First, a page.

Saturday, October 15, 2011

Can Design Express the Public/Private Distinction?

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According to this interesting post from the NY Times City Room Blog, signs like the one above have recently proliferated in New York City's Central Park, courtesy of the Central Park Conservancy.  The Conservancy, according to its website, "manages and maintains Central Park under contract with the city of New York."  If you ask me, an exclusive contract to manage and maintain city property would make an organization a government agency, but as is typical in modern urban governance both the City and the Conservancy are eager to characterize the latter as "private."  Hence, these signs, whose "Titling Gothic" font and "Conservancy Green" background are designed to exude the warmth and informality of a private organization rather than the arbitrary meanness of a regulatory entity, even as the signs tell you where you are and are not supposed to go.  The money quote, from the designer of the font in question: "None of the styles of Titling Gothic exude the kind of authoritarian insistence of Helvetica...."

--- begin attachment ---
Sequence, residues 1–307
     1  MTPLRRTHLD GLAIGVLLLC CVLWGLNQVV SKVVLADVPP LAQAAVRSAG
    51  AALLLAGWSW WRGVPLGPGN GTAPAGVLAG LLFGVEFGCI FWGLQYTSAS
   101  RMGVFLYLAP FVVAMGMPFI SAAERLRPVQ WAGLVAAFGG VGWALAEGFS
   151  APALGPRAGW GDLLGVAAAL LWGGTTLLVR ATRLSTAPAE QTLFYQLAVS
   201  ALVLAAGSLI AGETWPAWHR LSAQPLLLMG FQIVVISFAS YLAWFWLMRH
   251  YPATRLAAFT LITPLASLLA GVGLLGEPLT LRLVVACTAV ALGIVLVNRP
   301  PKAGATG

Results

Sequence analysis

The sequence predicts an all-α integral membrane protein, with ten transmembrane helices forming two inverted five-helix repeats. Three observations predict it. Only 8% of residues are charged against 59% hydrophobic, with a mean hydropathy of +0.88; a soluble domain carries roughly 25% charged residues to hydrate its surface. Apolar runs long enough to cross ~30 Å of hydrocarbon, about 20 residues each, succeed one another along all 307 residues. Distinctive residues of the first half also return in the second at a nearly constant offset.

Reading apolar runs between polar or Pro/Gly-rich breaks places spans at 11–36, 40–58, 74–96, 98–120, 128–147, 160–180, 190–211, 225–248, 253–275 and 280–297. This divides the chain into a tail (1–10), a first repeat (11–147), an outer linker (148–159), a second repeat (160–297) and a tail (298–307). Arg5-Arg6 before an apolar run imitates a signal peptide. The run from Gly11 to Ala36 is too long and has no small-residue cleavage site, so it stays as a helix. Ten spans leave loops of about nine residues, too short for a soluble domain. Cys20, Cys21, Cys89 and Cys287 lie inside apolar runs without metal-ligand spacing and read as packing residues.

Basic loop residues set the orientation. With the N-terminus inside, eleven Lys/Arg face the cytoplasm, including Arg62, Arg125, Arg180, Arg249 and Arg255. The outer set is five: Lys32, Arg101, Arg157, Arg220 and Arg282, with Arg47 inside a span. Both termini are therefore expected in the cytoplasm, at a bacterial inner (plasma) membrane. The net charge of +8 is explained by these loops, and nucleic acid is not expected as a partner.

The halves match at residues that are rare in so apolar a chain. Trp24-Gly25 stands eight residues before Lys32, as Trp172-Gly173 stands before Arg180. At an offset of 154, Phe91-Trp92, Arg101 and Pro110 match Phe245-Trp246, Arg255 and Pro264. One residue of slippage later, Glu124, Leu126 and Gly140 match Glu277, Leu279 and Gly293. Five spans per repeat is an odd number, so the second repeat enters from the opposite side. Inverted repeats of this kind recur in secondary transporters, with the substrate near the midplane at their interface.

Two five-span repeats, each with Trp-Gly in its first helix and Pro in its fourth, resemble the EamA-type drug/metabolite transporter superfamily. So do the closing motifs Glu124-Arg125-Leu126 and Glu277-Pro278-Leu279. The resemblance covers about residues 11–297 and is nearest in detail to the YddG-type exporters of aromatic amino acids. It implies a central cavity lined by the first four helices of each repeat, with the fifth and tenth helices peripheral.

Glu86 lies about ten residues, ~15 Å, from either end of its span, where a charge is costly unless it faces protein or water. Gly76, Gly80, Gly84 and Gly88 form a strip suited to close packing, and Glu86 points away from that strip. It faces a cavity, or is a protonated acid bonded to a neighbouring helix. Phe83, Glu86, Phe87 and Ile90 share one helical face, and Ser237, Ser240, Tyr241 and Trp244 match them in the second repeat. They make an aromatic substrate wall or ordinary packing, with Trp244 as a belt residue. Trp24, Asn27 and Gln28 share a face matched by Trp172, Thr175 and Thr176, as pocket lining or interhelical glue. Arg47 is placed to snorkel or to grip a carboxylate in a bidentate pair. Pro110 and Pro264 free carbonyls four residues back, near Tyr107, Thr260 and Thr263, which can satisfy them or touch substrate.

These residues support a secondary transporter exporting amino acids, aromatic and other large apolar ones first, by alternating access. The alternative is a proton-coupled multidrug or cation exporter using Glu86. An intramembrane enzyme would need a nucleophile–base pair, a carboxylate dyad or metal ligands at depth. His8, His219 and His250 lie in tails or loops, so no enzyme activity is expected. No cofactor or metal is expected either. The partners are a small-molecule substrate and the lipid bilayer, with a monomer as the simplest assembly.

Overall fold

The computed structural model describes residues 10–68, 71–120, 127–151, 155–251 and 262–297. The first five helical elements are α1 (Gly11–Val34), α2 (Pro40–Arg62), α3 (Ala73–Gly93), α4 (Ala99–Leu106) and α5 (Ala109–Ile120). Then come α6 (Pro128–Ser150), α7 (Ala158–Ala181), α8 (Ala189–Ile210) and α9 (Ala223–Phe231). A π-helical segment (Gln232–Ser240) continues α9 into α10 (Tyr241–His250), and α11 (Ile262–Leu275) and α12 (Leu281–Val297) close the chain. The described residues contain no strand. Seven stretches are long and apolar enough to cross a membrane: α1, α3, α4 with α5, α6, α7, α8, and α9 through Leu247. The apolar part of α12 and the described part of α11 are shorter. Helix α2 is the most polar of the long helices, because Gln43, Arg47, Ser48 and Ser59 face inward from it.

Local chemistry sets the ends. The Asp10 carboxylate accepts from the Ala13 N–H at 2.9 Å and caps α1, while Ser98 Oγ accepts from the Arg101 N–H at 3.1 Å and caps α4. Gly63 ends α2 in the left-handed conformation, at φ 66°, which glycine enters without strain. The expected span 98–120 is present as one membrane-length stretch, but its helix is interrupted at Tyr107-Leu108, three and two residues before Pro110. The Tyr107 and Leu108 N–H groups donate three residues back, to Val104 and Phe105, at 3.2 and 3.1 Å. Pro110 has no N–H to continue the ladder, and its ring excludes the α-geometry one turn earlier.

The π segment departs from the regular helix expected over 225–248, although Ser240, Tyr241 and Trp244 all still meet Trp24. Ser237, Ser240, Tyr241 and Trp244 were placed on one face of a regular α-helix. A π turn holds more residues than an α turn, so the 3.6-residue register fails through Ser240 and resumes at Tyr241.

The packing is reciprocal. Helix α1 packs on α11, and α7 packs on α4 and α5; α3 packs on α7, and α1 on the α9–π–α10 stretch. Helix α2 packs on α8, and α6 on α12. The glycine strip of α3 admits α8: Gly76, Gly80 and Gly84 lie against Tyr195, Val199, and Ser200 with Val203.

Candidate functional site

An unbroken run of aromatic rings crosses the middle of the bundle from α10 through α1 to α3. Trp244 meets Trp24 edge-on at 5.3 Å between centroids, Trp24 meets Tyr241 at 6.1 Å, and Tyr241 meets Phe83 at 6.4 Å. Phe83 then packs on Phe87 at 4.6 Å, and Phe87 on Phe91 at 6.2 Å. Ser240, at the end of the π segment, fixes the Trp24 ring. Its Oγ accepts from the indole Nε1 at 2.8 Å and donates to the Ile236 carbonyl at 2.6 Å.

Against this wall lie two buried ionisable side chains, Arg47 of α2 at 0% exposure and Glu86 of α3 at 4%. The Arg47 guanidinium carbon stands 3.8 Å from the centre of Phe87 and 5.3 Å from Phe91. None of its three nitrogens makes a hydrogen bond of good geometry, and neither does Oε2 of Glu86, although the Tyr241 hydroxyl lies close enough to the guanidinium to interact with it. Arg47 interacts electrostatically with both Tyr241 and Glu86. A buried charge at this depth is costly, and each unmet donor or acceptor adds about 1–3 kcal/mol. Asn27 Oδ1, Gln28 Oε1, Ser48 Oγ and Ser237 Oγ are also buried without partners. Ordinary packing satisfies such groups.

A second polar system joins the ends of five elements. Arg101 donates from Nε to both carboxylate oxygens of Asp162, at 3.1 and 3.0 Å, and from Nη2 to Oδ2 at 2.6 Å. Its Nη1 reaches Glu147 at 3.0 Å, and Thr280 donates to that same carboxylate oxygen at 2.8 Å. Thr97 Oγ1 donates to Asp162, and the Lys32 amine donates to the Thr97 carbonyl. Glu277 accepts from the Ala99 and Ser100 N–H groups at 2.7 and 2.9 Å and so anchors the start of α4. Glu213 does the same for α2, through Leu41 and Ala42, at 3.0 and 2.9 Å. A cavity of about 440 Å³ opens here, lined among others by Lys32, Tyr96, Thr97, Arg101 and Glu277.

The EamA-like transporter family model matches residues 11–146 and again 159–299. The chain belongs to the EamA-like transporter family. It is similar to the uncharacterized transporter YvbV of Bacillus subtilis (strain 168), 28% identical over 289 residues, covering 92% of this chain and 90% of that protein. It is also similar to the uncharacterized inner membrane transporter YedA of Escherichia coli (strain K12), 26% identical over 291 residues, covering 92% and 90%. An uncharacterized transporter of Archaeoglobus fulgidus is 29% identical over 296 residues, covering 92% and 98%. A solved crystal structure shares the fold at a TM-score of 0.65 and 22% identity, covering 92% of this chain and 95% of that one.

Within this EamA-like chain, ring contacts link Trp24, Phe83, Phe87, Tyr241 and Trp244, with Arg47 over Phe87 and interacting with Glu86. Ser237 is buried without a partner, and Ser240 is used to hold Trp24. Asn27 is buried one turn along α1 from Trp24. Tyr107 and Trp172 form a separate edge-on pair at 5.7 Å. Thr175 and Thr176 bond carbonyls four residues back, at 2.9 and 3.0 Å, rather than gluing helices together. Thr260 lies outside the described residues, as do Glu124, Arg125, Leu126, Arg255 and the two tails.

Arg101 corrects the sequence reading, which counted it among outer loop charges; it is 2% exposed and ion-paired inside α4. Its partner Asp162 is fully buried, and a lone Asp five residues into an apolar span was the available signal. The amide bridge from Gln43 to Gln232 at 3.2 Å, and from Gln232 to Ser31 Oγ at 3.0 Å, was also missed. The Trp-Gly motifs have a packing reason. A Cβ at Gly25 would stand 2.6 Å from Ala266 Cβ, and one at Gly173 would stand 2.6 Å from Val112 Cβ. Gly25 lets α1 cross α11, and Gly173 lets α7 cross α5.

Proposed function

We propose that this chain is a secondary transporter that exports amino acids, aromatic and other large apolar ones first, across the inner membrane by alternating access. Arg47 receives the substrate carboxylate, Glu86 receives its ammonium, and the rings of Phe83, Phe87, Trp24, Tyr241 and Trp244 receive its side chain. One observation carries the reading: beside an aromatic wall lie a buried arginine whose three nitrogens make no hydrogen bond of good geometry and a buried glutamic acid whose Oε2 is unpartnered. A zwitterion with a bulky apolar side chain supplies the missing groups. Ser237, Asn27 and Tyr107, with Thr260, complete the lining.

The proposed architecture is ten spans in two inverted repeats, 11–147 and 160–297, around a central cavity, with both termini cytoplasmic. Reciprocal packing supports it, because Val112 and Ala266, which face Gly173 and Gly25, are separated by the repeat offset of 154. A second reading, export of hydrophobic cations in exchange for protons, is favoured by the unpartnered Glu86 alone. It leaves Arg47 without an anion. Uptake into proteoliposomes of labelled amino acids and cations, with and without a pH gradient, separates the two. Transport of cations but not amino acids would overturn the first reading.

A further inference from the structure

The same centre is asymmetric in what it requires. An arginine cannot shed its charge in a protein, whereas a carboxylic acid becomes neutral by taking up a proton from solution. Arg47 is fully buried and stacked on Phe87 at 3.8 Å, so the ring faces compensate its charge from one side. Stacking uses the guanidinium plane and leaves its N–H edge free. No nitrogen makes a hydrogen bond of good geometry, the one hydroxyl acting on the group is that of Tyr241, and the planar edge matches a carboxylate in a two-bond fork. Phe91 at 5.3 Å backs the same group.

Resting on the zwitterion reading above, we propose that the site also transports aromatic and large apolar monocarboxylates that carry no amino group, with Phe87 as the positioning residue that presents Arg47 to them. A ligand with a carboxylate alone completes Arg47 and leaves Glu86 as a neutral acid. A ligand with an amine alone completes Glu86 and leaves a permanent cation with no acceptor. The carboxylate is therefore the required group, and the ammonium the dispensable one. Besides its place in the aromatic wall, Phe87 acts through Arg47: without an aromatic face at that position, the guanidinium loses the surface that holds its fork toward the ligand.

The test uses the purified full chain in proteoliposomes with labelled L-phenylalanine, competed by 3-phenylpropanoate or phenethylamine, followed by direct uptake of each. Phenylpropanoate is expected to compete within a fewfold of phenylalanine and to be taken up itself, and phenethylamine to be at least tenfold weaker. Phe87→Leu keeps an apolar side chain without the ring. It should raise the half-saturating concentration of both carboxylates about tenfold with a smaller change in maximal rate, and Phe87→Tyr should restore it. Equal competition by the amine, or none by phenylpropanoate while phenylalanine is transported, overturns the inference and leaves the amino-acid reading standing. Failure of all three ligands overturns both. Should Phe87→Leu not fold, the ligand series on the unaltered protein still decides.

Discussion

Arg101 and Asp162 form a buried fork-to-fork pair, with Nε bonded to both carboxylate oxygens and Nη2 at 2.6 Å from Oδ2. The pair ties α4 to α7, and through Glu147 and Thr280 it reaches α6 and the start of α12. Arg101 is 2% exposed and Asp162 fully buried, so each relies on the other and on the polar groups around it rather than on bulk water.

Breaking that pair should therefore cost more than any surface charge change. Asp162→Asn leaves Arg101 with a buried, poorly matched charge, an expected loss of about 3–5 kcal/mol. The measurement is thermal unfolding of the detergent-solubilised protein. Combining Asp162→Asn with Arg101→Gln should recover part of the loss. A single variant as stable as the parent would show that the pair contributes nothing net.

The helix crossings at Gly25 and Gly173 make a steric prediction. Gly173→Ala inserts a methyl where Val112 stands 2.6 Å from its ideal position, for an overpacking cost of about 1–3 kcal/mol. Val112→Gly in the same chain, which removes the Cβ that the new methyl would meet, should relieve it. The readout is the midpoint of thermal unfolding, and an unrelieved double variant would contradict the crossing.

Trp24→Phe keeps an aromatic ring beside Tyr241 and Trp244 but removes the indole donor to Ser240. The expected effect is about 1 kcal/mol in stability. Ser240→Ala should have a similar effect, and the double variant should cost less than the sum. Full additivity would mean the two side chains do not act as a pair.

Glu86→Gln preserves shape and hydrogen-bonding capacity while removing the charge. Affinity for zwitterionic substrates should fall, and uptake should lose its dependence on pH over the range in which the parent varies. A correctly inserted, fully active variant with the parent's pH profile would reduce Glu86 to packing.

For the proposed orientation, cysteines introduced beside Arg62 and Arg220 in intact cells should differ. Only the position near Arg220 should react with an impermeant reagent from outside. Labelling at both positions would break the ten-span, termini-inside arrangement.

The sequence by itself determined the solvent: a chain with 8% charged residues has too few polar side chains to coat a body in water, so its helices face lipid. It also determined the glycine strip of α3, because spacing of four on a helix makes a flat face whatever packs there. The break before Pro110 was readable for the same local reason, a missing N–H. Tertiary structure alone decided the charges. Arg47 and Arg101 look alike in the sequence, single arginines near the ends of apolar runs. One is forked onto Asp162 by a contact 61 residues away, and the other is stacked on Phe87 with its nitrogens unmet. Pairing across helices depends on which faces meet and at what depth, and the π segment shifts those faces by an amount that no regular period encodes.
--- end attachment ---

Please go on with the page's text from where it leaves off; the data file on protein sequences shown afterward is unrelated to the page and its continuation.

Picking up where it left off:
http://cityroom.blogs.nytimes.com/2011/08/29/central-park-has-1500-new-ways-to-say-keep-off-or-on-the-grass/#more-344361

Ken Stahl

http://lawprofessors.typepad.com/land_use/2011/10/can-design-express-the-publicprivate-distinction.html

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Comments

This explains why my students don't pay attention to my syllabus; I've not harnessed the authoritarian insistence of Helvetica. Is Titling Gothic only mildly suggestive? How much authoritative force does Garamond exude? Or Calibri? If I use the default setting--Times New Roman--do I lose them altogether?

Posted by: Adam MacLeod | Oct 16, 2011 5:26:32 PM